Explaining what it would take for a team to get Carlton, Phillies general manager Paul Owens told the Philadelphia Daily News, “Just to start with, I’d have to have two pitchers capable of winning 25 games between them. From there, I think we’d have to wind up with five or six players we feel can help us.”
Owens’ comment seemed to scare off the Pirates, whose general manager Joe Brown said, “We’d be interested in Carlton … but we won’t tear apart our club to land him.”
Several other clubs, though, showed serious interest.
Ready to deal
During the baseball winter meetings at Honolulu in late November, a headline in the Philadelphia Inquirer declared: “Carlton figures to be ex-Phil before end of week.”
“Carlton represents the Phillies’ only real bargaining power if they decide to make the sweeping changes that would be necessary for them to become a contender,” the Inquirer explained.
Though Owens conceded trading Carlton would be unpopular with Phillies fans, he said, “If I thought I could make a trade for Steve that would help us become a pennant contender, and if I didn’t do it, then I might as well admit I’m in the wrong job. It’s going to take a certain amount of guts to trade Steve Carlton. I’m not necessarily saying I’m going to trade him, but I am saying I have the guts to do it.”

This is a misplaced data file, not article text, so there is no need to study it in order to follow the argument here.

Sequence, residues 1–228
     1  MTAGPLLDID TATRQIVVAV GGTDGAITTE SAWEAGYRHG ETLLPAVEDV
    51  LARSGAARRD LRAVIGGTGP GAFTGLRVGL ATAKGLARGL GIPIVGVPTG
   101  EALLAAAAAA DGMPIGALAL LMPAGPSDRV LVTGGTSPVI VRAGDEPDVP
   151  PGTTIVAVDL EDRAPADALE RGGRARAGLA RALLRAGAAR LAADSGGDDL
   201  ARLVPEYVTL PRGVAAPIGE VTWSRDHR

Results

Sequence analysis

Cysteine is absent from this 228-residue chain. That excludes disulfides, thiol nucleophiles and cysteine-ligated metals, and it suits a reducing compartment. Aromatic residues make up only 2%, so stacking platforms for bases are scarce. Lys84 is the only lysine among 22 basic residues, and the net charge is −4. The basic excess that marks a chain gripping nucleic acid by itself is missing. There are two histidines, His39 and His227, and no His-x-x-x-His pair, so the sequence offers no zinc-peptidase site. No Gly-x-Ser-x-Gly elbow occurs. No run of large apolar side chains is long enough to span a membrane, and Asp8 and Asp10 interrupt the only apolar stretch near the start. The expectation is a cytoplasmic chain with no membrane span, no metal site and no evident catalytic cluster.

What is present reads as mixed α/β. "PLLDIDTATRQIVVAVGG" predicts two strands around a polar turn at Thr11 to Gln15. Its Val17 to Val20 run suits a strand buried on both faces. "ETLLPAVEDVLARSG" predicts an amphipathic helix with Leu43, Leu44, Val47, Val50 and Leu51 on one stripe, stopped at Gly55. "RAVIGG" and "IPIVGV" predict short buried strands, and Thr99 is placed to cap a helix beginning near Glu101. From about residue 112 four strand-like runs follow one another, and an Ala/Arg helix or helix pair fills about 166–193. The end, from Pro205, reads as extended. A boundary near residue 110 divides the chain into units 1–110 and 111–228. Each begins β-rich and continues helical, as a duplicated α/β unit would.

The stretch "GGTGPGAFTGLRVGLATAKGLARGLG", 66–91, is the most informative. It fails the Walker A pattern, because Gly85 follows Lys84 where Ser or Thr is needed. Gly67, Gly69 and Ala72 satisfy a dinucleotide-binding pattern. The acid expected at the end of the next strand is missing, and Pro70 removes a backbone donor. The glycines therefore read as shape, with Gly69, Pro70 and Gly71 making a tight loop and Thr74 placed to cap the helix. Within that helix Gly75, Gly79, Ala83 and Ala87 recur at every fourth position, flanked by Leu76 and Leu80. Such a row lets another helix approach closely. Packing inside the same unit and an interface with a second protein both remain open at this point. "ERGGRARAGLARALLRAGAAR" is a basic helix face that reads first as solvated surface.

The Athletics, Dodgers, Giants, Padres and Red Sox made offers for Carlton at the winter meetings. According to the Inquirer, the Giants’ offer included outfielder Bobby Bonds and first baseman Willie McCovey, and the Athletics’ bid featured pitcher Ken Holtzman and first baseman Mike Epstein.
The only one that interested Owens came from the Dodgers.
“You wouldn’t believe the deal the Phillies turned down for Steve Carlton,” Dick Young wrote in The Sporting News.
The Dodgers offered pitchers Claude Osteen and Bill Singer, outfielders Willie Crawford and Bobby Valentine, and second baseman Lee Lacy. “A hell of a package,” the Philadelphia Daily News declared.
Owens countered by asking for Don Sutton to be one of the pitchers the Dodgers dealt. “The deal would have been made if Sutton’s name had replaced Singer or Osteen,” the Philadelphia Daily News reported.
“We made a valid, honest offer, but trading Sutton was out of the question,” Dodgers general manager Al Campanis said. “He’s our ace, with youth and a great future ahead of him. We wanted Carlton to form a one-two punch like Drysdale and Koufax.
“I can’t criticize Owens for failing to make the deal. It’s going to take a lot of courage for him to make any deal for Carlton, but I think what we offered snapped some eyebrows to attention. We made them sit down and do a lot of soul-searching.”
A few hours after the Phillies rejected the Campanis offer, the Dodgers acquired pitcher Andy Messersmith and third baseman Ken McMullen for Singer, Valentine, outfielder Frank Robinson, infielder Billy Grabarkewitz and pitcher Mike Strahler.
Carlton stayed with the Phillies and helped them win two pennants and a World Series championship. He and Sutton both got elected to the National Baseball Hall of Fame.